As part of Halogen Software’s Emerging Leader Program, members of our executive team mentor future leaders in the company. One of those mentors is Pete Low, Halogen’s Chief Financial Officer. I thought it would be interesting to get Pete to share some of his experiences and what he’s learned being a mentor.
Tell us a bit about the Emerging Leader Program at Halogen
Pete: We’re really proud of our Emerging Leader Program (ELP) at Halogen. We proactively identify high potential employees who aren’t currently in management roles and put them in a leadership talent pool for cross-functional leadership development. Participants go through both formal and informal training, as well as executive mentorship to prepare them for future leadership roles within our organization.
I certainly recognized the value these emerging leaders would get in being mentored by our company leaders but what I didn’t fully appreciate was how much I, the mentor, would gain from the experience. It’s been a fantastic learning opportunity.
How is the mentoring relationship structured?
Pete: As part of the ELP, Halogen’s HR department matches members of the executive team with mentees who work in different departments than their own. In my day-to-day work, I’m so focused on the finances of the business and my other direct responsibilities as the CFO, that being paired with someone on the development team gave me a much broader perspective on the business as a whole.
I think when it comes to mentoring within your own organization, there’s real value in working with someone from a different focus area. We each benefit from the other’s view of the world, so to speak.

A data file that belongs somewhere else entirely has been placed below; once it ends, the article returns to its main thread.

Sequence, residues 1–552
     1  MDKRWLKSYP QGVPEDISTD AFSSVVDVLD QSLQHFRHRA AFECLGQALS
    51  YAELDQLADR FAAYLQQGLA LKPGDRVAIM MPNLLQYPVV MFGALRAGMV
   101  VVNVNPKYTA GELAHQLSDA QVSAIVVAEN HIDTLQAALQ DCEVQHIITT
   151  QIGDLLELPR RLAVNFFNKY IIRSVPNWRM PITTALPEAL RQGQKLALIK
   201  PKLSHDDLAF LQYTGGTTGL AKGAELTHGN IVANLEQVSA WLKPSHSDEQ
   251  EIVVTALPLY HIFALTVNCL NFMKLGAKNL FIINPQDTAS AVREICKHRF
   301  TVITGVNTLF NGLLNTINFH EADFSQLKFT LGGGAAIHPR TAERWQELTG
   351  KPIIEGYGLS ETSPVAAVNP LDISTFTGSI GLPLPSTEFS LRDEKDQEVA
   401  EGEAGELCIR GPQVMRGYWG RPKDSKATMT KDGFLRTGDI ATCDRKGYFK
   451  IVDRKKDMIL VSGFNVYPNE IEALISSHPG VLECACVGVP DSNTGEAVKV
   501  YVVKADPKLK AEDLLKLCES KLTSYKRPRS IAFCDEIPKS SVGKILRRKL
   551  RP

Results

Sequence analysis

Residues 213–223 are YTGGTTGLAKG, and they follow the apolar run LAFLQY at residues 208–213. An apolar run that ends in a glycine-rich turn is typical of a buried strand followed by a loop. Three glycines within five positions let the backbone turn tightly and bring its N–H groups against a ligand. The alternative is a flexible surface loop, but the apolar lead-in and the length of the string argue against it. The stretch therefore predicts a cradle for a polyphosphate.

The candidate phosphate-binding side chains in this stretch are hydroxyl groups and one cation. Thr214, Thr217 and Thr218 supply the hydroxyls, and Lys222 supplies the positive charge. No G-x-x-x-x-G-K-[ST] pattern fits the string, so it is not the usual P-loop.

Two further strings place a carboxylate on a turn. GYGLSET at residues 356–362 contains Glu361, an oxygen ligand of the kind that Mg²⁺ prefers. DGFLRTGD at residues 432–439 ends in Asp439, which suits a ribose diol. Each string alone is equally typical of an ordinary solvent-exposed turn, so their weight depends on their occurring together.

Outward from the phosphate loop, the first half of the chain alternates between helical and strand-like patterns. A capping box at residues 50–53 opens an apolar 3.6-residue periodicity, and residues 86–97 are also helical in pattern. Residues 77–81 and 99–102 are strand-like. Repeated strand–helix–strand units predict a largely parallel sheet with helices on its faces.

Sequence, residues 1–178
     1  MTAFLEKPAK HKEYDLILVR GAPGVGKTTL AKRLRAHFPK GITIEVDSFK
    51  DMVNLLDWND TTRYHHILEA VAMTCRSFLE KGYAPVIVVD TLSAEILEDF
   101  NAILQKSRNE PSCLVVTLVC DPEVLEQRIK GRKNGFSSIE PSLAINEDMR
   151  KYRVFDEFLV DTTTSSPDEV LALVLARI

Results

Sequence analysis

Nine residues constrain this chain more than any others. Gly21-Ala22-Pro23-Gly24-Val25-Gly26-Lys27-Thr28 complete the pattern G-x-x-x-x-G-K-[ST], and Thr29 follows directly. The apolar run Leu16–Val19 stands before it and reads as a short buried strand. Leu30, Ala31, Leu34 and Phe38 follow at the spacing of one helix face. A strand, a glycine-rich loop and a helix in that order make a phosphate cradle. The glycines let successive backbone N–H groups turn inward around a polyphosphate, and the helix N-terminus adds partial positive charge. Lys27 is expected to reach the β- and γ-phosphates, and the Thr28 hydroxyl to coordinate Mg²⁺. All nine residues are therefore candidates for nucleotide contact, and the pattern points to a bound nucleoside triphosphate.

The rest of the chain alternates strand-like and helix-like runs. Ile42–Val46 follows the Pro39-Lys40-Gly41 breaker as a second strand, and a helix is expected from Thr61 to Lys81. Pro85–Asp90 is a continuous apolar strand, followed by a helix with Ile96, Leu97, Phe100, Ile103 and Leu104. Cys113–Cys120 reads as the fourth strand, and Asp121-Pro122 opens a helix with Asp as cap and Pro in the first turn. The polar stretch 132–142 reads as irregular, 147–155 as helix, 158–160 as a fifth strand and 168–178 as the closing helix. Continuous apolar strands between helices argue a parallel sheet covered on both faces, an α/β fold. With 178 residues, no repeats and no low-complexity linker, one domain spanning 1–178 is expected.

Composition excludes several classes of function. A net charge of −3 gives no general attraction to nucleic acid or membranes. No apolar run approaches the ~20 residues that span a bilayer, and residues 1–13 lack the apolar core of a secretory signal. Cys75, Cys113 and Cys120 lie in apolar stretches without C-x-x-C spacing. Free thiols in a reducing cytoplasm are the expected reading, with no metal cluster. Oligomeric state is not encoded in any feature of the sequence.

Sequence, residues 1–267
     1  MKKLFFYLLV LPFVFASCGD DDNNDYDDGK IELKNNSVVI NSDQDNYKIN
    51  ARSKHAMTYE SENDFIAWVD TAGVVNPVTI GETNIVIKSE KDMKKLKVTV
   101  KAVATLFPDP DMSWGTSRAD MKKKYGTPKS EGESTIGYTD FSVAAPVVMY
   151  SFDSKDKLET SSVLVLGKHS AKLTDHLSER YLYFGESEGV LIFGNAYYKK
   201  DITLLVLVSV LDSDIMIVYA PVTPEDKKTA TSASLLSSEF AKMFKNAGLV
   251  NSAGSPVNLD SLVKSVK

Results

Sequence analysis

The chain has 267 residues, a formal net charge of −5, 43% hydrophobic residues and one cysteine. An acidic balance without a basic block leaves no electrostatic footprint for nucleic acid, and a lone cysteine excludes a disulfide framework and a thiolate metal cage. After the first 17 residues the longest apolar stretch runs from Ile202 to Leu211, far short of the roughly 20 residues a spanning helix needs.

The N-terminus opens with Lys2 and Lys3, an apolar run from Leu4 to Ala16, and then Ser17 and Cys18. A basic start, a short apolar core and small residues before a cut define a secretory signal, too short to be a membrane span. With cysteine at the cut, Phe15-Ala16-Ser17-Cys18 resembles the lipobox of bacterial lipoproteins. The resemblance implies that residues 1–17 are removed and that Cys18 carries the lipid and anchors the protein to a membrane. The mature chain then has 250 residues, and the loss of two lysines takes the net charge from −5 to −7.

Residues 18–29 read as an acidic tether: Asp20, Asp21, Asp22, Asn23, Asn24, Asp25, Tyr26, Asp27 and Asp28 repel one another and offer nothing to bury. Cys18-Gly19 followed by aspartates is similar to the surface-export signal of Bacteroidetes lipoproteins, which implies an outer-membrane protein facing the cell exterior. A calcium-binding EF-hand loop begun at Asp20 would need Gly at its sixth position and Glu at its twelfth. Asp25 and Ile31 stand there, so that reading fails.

Mentoring inside your own organization certainly presents a different set of opportunities and challenges than mentoring someone from outside your organization. When you mentor someone outside of your company, you’re not biased by what’s going on inside the business. Of course, the reverse is true when your mentee works within the same four walls as you. It’s easy to get into conversations with your mentee and want to turn your attention to solving the issues yourself. However, it has become very clear to me that you need to put aside your natural company biases and focus on what you’re really there to do: help the individual learn and grow.
What’s needed to ensure a successful mentor-mentee relationship?
Pete: One thing I’ve learned that’s critical to a successful mentor-mentee relationship is trust. This isn’t something you can build overnight and it can’t be rushed. Mentors must create a space where the mentee feels completely safe talking about anything. They need to feel confident that no matter what they say they won’t be judged or that what they say won’t make it back to their direct boss.
As I said earlier, it can be all too tempting upon hearing something your mentee says to want to run to their boss and help fix and issue. The reality is that this approach is counterproductive for several reasons. The first is that it breaks the trust between mentor and mentee. The second is that it isn’t true to what the purpose of mentor really is – to offer advice and guidance to help the mentee solve issues and challenges on their own.
Any advice to add on being an effective mentor?
Pete: One of the other important things I’ve learned being a mentor is that you have to let the mentee drive the relationship. Sure, I could sit there and talk to my mentee for hours but when they prepare the agenda and lead the conversation it means they’re really engaged. An engaged mentee is likely to get the most value out of the relationship.
Mentoring can be of great value for both parties involved. Being a mentor has certainly prompted me to do some self-reflection, it’s challenged my thinking and it’s given me fresh insights on the business.
Your turn: What have you learned from being a mentor? What tips do you have to offer to other mentors?